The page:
[At this point I realize when the former leadership reads this post, they are probably going to call me and yell at me. In the words of the famous Rhett Butler in Gone With The Wind, “Frankly, my dear, I don’t give a damn.”]

I was frustrated, and had reached the end of my rope, both as an activist and as a person. Wanting to do something, I strategized for days on what to do. At one point, I entertained the thought of launching my own candidacy for the YR State Central seat, or running for YR Chairman. I literally thought about everything.

Finally, after about a week of frustration and coming up with really poorly thought-out ideas, I decided to call someone who was smarter than me and ask for advice. My first call was to then-CRFV Chairman Benjamin Dessart. I didn’t know Ben well, but we had talked about how we wanted a different direction for YRFV. He gave some good advice, and then said to call Kishore Thota. Kishore was on State Central, they had shared similar thoughts to those I had, and he knew that Kishore would be willing to listen.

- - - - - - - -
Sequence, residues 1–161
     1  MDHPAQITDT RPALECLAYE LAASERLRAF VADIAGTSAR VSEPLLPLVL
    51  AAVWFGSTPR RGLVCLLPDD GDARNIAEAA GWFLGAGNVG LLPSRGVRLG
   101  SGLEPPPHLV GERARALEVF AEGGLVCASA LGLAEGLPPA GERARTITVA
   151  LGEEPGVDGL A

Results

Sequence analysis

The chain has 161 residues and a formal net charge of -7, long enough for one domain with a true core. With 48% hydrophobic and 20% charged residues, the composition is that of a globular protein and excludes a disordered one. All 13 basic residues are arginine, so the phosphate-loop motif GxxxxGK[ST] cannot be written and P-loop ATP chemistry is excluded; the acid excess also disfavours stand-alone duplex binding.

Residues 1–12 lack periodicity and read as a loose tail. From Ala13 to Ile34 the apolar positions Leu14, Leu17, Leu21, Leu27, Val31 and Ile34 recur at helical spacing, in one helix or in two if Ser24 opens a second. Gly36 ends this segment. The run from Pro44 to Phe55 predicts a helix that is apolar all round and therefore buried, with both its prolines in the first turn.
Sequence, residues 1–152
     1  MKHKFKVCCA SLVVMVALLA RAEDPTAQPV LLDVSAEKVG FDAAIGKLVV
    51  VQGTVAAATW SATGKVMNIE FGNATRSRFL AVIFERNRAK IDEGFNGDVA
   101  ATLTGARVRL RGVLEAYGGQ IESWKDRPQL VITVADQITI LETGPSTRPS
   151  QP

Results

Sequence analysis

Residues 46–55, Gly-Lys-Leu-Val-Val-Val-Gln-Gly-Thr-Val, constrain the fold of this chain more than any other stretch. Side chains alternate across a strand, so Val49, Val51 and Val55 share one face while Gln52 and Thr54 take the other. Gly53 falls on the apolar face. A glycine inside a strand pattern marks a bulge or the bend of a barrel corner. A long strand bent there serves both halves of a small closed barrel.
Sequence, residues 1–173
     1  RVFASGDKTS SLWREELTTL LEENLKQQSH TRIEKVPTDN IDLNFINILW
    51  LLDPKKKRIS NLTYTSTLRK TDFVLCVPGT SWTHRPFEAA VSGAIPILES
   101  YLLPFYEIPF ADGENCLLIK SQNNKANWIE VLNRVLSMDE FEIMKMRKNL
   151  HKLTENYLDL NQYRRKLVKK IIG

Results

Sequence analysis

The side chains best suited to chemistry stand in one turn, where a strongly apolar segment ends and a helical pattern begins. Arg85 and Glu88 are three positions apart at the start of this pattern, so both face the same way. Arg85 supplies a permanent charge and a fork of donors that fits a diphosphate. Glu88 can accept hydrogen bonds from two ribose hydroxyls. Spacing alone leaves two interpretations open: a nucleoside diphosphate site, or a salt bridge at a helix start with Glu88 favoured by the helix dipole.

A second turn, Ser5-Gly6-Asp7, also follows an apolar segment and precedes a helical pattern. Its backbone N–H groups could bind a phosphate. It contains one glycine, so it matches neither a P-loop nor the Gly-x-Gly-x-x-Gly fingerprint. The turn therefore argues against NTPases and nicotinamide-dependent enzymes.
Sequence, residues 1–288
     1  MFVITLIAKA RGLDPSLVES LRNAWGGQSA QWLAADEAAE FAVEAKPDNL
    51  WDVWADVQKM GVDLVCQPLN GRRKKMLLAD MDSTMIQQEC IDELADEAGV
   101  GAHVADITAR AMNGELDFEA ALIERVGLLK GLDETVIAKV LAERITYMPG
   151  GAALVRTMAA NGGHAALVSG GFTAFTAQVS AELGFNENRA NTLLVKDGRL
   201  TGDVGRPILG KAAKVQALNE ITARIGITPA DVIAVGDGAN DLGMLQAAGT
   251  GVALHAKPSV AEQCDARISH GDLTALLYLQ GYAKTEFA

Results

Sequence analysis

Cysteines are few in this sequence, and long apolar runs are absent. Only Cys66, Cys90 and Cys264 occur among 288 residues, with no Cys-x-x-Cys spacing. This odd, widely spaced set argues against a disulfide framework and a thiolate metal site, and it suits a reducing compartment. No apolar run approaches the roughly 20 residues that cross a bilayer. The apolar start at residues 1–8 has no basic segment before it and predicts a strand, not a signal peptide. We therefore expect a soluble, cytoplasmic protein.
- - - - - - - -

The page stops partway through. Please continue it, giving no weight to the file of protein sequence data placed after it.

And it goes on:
So I called Kishore. I barely knew him but I spilled my guts. I griped, I moaned, I lamented and, for lack of a better word, b**tched about the state of the YR leadership and RPV. Young Republicans needed leadership. We needed a voice. We needed someone who would understand our hopes and our dreams. After about thirty minutes of my gripe-fest, Kishore finally got a word in. What I discovered was that he felt exactly like I did. He wanted a YRFV that would listen to Young Republicans.

Kishore and I talked on the phone for over two hours that day. I kid you not. We talked so long that the conversation began while I was at my house and, before I knew it, we had talked long enough for me to leave my house, go to the grocery store, stop to pick up lunch, drive back home, and we still talked for at least 20 more minutes.

We started to form this idea to run a ticket for YRFV leadership in 2017. We didn’t really know who would run for each office but we had a general idea of who we wanted to run, so we decided to have a summit of the brain trust of the Young Republicans from Virginia. We were going to get everyone in a room, hammer out the details, and put a team together to implement our plan.